Mexico blame Robben and referee for exit
Coach Herrera slams referee for exit, Robben admits to diving in the first half but insists he was fouled for the winning penalty
ROUND OF 16
(Wesley Sneijder 88, Klaas-Jan Huntelaar 90+4-pen)
(Giovanni dos Santos 48)
Arjen Robben won a controversial late penalty, as Holland staged an incredible last-gasp fightback to beat Mexico 2-1 and advance to the quarter-finals this morning (Singapore time).
Bayern Munich star Robben - regularly accused of going to ground too easily throughout his career - tumbled to the turf in injury time after making contact with Mexico defender Rafael Marquez.
Portuguese referee Pedro Proenca pointed to the spot and Klaas-Jan Huntelaar stepped up to bury the winning penalty.
It came just moments after Wesley Sneijder had scored an 88th-minute equaliser to cancel out Giovani dos Santos' superb goal for Mexico in the 48th minute.
The epic finale settled a second-round battle played in furnace-like conditions at Fortaleza's Castelao Arena.
Mexico coach Miguel Herrera lashed out at referee Proenca for awarding the penalty.
"It seems to me the reason (we lost) was the referee, the man with the whistle. He left us outside the next stage of the World Cup," Herrera (above) said after the match.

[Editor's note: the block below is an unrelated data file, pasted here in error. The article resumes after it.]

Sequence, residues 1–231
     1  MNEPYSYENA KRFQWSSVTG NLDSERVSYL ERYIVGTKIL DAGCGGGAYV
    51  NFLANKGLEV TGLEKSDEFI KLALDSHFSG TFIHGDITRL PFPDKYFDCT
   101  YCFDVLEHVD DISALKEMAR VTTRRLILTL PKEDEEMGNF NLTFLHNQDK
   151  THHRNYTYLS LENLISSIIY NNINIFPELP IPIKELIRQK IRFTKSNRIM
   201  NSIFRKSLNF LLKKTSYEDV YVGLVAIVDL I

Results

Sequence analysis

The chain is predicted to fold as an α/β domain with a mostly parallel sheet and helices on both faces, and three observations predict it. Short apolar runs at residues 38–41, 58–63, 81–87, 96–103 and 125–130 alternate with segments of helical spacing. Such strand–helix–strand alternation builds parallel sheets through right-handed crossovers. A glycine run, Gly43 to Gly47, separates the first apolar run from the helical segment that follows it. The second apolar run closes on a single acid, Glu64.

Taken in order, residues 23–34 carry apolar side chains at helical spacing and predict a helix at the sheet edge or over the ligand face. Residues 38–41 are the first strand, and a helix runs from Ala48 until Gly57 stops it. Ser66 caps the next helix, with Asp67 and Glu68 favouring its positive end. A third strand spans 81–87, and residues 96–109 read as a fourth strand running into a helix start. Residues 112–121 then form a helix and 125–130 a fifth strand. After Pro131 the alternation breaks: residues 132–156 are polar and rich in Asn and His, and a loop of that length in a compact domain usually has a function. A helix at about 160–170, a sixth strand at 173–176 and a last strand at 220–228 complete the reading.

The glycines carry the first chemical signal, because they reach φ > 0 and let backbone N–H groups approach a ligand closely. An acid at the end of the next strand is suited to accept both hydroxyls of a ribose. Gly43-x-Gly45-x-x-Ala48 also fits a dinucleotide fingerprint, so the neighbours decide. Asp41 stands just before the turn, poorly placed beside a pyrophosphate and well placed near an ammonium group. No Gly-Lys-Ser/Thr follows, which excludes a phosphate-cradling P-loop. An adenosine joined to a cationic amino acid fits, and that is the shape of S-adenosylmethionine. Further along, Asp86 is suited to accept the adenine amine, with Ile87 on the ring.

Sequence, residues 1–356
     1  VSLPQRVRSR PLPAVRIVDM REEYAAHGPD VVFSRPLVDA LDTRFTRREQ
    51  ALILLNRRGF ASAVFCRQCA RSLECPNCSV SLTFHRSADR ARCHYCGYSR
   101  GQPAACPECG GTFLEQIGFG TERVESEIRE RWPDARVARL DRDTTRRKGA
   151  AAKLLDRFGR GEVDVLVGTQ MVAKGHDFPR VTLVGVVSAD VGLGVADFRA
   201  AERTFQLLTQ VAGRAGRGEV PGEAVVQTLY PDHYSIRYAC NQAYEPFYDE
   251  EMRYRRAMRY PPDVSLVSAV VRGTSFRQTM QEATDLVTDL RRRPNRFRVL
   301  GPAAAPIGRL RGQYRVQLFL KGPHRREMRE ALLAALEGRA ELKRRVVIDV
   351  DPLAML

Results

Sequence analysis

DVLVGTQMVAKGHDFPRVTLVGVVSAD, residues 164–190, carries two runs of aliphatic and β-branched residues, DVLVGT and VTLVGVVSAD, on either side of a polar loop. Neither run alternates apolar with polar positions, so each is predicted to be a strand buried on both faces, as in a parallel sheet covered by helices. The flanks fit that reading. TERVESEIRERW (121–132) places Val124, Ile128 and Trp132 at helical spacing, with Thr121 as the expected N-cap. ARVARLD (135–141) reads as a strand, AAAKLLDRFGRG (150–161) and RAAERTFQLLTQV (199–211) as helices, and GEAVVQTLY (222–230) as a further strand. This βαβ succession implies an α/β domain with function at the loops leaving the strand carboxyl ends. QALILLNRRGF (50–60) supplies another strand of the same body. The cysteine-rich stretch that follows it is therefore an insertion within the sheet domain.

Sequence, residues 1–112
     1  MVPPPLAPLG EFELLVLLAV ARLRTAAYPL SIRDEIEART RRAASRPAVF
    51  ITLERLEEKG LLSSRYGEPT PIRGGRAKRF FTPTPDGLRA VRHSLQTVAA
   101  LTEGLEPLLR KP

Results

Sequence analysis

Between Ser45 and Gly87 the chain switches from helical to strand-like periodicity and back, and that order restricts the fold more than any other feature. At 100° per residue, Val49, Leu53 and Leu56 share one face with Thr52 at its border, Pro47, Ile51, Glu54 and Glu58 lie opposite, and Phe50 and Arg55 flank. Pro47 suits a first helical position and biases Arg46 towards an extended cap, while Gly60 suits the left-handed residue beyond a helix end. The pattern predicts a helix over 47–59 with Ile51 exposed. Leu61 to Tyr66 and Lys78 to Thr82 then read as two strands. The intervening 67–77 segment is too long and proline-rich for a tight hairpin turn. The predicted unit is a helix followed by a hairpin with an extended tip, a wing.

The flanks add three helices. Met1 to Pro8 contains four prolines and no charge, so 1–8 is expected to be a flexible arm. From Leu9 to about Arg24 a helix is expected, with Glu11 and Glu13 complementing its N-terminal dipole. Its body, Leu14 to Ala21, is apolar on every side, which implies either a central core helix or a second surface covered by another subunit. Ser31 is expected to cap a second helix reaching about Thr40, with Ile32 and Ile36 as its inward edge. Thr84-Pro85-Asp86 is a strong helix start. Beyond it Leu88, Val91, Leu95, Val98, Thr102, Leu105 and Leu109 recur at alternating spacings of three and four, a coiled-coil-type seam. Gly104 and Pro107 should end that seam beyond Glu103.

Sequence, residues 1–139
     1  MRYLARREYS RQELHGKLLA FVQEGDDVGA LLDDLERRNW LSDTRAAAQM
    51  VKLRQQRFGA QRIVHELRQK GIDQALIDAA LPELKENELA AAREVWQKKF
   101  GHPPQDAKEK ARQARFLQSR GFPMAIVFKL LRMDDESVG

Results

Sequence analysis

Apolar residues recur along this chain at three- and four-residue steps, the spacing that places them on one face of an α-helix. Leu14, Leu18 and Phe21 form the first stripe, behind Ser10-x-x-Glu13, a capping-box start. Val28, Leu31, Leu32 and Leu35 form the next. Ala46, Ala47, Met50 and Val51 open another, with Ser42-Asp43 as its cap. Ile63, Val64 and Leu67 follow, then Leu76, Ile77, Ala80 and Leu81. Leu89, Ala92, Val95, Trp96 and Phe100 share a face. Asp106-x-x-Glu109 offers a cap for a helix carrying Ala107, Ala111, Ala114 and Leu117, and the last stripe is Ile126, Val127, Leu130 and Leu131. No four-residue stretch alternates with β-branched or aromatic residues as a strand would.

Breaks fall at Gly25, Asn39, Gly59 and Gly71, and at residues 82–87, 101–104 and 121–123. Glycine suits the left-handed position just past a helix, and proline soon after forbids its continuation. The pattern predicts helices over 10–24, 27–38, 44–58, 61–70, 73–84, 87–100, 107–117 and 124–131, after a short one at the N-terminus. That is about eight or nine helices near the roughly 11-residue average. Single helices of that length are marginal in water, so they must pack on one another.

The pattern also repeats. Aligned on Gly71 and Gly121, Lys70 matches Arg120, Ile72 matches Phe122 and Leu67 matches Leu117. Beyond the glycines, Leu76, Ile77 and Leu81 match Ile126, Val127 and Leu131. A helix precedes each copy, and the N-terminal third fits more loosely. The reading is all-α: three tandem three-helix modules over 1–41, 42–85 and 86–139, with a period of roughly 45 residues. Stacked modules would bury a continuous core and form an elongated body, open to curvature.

"If the referee starts marking fouls that don't exist, you leave the World Cup due to circumstances out of your hands. We expect the referee committee to take a look at that and that this gentleman goes home, just like us."
Robben, however, insisted Proenca had been right to award the penalty, telling Dutch broadcaster NOS: "I was fouled."
But the Dutch forward did admit to a dive in an unsuccessful attempt to win a penalty earlier in the first half.
"I really have to say and, at the same time, apologise in the first half I took a dive and I really shouldn't do that," Robben said.
"That was a stupid, stupid thing to do but, sometimes, you're expecting to be struck and then they pull their leg away at the last minute."
With victory in their grasp on a scorching afternoon at the Castelao Arena, the defeat was a particularly sore one for Mexico.
"It's a World Cup where everything was against Mexico... Out of the four matches that we had, three of them were referee disasters... Unfortunately, we didn't achieve what we wanted," Herrera said.
The Mexico boss was perhaps understandably prickly about the officiating going into the game, after his side had two goals harshly disallowed in their opening match against Cameroon, and a strong penalty appeal turned down against Croatia.